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Dear Abby: Mother-in-law takes in cats after mom’s death

Dean Abby
Jeanne Phillips

Dear Abby: My mom passed away unexpectedly, leaving behind two cats. My mother-in-law graciously took them in temporarily, which included shouldering the financial burden of a few vet visits.

After everything quieted, we asked her if she would be willing to keep the cats indefinitely because we rent, and re-homing them wasn’t an option in our area. She agreed, but said when we want to take them, we can. We offered to compensate her for the vet bills, but she refused. Our relationship has always been strained, but, in that moment, she was very kind and generous.

Now, a year later, the cats have been renamed and are well cared for beyond what we could have ever given them. I, however, feel guilty. My husband and I don’t want the cats. We will be buying a home soon, and our daughter is hoping to adopt a dog.

I do not want to take on a new obligation if I already have one to my mother-in-law. Those cats are my mom’s final unfinished business, and I want to do right by them. How can I do right by my mother-in-law as well?

— Not A Cat Person

Dear Not A Cat Person: The cats have acclimated well to living with your mother-in-law — and it is entirely possible that she has grown to love them in the year they have been with her.

If she is aware that you will be buying a home, she should be told that your daughter has her heart set on having a dog. Because three animals would be too much for you, ask if she would mind keeping the kitties after you move. She may surprise you and say she doesn’t mind at all.

(From where I sit, she sounds like a doll, so regard her generosity as a chance to mend fences and express your gratitude equally generously.)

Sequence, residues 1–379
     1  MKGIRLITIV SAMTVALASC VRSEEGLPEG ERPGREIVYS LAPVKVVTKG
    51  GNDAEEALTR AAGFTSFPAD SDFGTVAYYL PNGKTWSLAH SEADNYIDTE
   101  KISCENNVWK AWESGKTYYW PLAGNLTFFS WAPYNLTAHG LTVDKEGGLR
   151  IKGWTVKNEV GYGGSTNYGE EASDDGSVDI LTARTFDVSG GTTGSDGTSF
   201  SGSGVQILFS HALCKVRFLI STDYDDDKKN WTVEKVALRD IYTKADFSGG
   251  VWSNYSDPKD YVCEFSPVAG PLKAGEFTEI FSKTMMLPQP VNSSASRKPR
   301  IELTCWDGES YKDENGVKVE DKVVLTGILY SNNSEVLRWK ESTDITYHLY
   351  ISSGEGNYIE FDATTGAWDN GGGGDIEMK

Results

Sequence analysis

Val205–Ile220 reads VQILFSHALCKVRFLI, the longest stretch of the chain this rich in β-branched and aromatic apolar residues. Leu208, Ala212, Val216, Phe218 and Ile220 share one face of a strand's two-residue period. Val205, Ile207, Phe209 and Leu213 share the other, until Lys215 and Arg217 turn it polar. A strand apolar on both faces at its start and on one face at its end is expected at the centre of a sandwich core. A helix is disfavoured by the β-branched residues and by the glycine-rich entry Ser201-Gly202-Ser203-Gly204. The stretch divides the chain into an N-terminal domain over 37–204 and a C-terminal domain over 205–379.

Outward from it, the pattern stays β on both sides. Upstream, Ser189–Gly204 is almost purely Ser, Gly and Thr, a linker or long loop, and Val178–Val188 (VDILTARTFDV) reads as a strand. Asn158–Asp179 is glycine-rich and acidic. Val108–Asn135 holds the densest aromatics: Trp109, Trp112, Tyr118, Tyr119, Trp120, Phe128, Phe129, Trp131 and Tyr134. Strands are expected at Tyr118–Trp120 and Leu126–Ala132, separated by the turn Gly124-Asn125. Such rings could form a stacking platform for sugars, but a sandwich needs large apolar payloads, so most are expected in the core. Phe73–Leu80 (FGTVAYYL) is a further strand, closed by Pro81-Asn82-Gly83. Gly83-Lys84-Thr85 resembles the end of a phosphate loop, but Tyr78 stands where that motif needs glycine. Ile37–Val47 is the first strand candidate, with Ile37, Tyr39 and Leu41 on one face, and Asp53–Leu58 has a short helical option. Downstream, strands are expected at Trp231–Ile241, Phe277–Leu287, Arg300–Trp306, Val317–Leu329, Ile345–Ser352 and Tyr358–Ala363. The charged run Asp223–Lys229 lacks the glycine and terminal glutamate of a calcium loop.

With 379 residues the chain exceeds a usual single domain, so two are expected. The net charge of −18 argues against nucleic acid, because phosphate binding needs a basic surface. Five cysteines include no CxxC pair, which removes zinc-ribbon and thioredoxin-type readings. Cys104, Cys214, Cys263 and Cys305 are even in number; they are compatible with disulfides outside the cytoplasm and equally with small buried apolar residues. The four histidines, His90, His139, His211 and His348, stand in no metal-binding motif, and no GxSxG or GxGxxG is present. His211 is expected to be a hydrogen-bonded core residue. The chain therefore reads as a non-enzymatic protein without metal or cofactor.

Dear Abby: In this holiday season of love, hope and miracles I ask your millions of readers to join me in remembering and honoring those courageous Americans and allies who created a “Christmas Miracle” during the Korean War 69 years ago. From November to December 1950, they fought one of the most savage battles of modern warfare and did the impossible by achieving one of the greatest humanitarian rescues in history.

Fighting in the frozen mountains at Chosin Reservoir, with wind-chill temperatures far below zero, outnumbered and encircled (120,000 to 30,000), our troops broke out to save 100,000 Korean men, women and children by Christmas Eve. Our soldiers endured frostbite and suffering with valor, ultimately sustaining 16,495 casualties, but inflicting 48,156 casualties on the enemy.

We are proud of, and indebted to, those members of our armed forces who suffered and sacrificed for our freedom. Please say a prayer for them and their families, and thank God for the gift of these precious souls.

— With Christmas Love, Carmella Laspada, No Greater Love Inc.

Dear Carmella: Thank you for your letter. This is the time of year when people often reminisce about family memories. In that spirit, I agree that we should also remember our collective history, and reflect on and give thanks for the bravery and sacrifice our service members and their loved ones have given us.

Contact Dear Abby at DearAbby.com.